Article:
During the winter months, Whistler is known for its winter sports such as skiing and snowboarding, nordic and cross-country skiing, snowshoeing and ice skating. Other winter activities include ice climbing, snowmobiling, ziplining, bungee jumping, sliding at the tube park, sliding down the world’s fastest ice track in a bobsleigh, dog sledding or some quiet ice fishing.
In the summer months, the vast network of trails in Whistler Valley comes alive with runners, hikers and horseback riders. Whistler also offers 186 rock climbing routes. Lakes are the perfect place to relax in the sun and have a picnic, or enjoy a few hours canoeing, kayaking or stand-up paddleboarding. With the many glacial runoffs and pristine mountain rivers, whitewater rafting is very popular with Whistler thrill seekers. And for those looking for a few quiet hours on the water, Squamish River offers excellent fly fishing for coastal Cutthroat and Rainbow trout, Dolly Varden, and four Pacific salmon species. Golfers can play four of Canada’s top-ranked courses, and they’re all within 25 minutes of each other.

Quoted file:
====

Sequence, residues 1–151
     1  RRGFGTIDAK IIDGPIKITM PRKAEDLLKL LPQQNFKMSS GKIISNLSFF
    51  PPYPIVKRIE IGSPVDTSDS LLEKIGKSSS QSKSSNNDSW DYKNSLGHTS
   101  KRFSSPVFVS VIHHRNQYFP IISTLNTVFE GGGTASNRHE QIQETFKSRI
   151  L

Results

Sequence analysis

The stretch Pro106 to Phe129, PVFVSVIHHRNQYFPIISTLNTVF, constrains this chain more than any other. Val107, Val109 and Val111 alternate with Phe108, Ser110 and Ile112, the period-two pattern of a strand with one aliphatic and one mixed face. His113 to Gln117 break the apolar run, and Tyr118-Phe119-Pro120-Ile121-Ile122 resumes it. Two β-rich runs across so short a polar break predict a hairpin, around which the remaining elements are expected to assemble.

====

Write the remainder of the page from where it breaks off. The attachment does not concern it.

Small town life, but with all the experiences and amenities: Whistler is a small village and social community with roughly 14,000 permanent residents (2021 census), yet offers experiences and amenities that indulge all of the senses, drawing visitors from around the world each year. From cultural events and entertainment to award-winning cuisine, home-grown shops or luxury boutiques, art galleries and museums, or a day of pampering at the spa, Whistler has almost everything.